As a young parent the demands on your time are insane! While my youngest child is 13 (eek….14 in a week!) I remember all too well the non-stop days of diapering, cooking, cleaning, reading, rocking, singing, refereeing, time-out-ing, time-in-ing, bathing, dressing, teaching, playing, block-building, washing, folding, ironing, (yes. ironing.) shopping, cooking, listening, talking, yelling, explaining, bandaging, cuddling, teeth-brushing, face-washing, hair-brushing, cooking, baking, picking-up, organizing…and that was just in one day.
Really, there is no way to possibly do it all. Whoever says she can is LYING. Well, I take that back. Whoever says she can, and do it all and do it WELL, is LYING. The exhaustion merely from mustering the patience to parent all day was overwhelming. When I was faced with a decision between two tasks — I would ask myself, “Could I pay someone else to do this?” If the answer was “Yes” then it went to the bottom of the list. An example of that would be ironing. (yes. ironing.) Could I pay someone else to iron? Of course I could. Would I? That might be a different answer, but I could if I were so inclined.
At another time, the decision in choosing might be reading to my child. Could I pay someone else to read to my child? Well, not in my book (no pun intended, until I re-read this, and I left it in, so now, pun intended). To me, snuggling my little one on my lap and reading to him was priceless…so, the answer was, “No” — okay, to the top of my list goes reading to my child.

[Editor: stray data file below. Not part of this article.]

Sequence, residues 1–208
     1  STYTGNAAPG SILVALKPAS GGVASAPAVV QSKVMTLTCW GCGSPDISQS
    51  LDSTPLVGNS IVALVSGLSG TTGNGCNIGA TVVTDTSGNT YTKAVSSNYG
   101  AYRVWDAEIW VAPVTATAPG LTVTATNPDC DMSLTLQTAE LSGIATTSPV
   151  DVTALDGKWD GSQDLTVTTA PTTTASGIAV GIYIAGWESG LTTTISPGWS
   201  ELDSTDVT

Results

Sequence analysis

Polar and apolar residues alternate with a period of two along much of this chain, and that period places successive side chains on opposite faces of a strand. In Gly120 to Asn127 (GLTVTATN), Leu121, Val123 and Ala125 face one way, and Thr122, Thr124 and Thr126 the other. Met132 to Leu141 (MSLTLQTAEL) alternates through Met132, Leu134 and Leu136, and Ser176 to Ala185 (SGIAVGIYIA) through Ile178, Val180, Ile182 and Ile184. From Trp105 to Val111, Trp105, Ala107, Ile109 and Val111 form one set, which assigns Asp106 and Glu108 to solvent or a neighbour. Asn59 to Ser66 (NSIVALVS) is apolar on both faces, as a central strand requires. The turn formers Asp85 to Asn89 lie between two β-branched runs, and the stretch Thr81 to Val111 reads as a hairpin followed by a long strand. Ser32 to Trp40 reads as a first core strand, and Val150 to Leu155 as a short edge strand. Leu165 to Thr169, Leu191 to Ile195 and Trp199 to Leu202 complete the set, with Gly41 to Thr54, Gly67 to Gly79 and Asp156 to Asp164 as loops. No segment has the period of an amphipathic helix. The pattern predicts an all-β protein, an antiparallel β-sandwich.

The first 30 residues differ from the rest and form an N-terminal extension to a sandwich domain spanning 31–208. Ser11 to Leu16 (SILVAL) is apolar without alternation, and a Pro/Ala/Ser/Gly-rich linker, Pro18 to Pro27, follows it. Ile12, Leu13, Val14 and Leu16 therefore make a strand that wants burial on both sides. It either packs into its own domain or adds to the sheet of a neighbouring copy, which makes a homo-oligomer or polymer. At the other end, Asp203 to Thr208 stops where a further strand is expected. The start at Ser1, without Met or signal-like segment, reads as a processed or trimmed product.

The reality of my life has been that I rarely have had extra money to pay anyone to do anything listed above. Occasionally I would treat myself to dropping off all the laundry at the “$1.00 per pound wash and fold” laundromat. Heaven it was! But most of what I have done as a parent, whether as a single-mom, or with a husband, has been either done by me/us, or not done at all. Because remember, no one can do it all. If she says she can, and claims to do it well, she is LYING.
This rubric, of sorts, that I used to distinguish what was important in the flood of parenting tasks, was simply a tool I used to try to prioritize my days. And it worked quite well, if I do say so myself.
The poem below is one of the poems I had on my wall when my babies were little. Click here for a printable version suitable for framing. Or for your fridge. Or with a thumbtack. Or tape…oh, you get the idea.
Cleaning and scrubbing can wait ’til tomorrow
For babies grow up, we’ve learned to our sorrow
So go away cobwebs, dust go to sleep
I’m rocking my baby and babies don’t keep
Click here for FREE download of Printable pdf
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